In his youth, Houdini was a bit of a hot-headed kid who became notorious for his aggressive tendencies. But he channeled this energy into becoming the greatest magician of all time. After performing for royalty and other high profile individuals, Houdini became fascinated by the study of psychology and how the mind works. This led him to write several books on the subject, most notably  The Mind and the Body: An Historical Survey of Modern Psychology, in which he delves into the connections between the mind and the body, analyzing how psychology affected the legal system in the 20th century. This book was even cited by Sigmund Freud as a source.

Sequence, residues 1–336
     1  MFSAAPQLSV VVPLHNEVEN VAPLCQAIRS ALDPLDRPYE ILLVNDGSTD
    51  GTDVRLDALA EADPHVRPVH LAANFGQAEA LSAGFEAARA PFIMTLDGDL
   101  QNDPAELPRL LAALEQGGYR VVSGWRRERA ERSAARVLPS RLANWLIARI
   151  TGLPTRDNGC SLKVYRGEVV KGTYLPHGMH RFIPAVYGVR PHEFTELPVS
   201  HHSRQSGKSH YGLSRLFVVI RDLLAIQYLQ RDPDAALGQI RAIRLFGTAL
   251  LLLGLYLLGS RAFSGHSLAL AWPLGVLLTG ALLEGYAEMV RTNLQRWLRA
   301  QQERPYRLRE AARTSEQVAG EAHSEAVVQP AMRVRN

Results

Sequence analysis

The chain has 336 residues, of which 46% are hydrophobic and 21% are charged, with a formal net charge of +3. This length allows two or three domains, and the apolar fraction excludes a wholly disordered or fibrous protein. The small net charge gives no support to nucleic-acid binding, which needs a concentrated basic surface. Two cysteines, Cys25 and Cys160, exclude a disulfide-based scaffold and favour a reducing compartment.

After the success of Doyle’s Sherlock Holmes stories, Houdini toured the UK in 1895, where he remained for almost two years.  In 1899, he moved to America, taking a job at the world-renowned New York Public Library, which houses some of the greatest minds on earth. Here, he continued his work in psychology, opening a private practice on the side. But even while working at the library, Houdini spent countless hours in conversation with the great man he idolized, Sherlock Holmes, trading analysis of crime scenes with the detective. Some even say that Houdini based his peculiar charm and theatrics on Holmes’ own dry wit and observational skills. Either way, it’s clear that Houdini and Sherlock Holmes were total allies in the war on crime.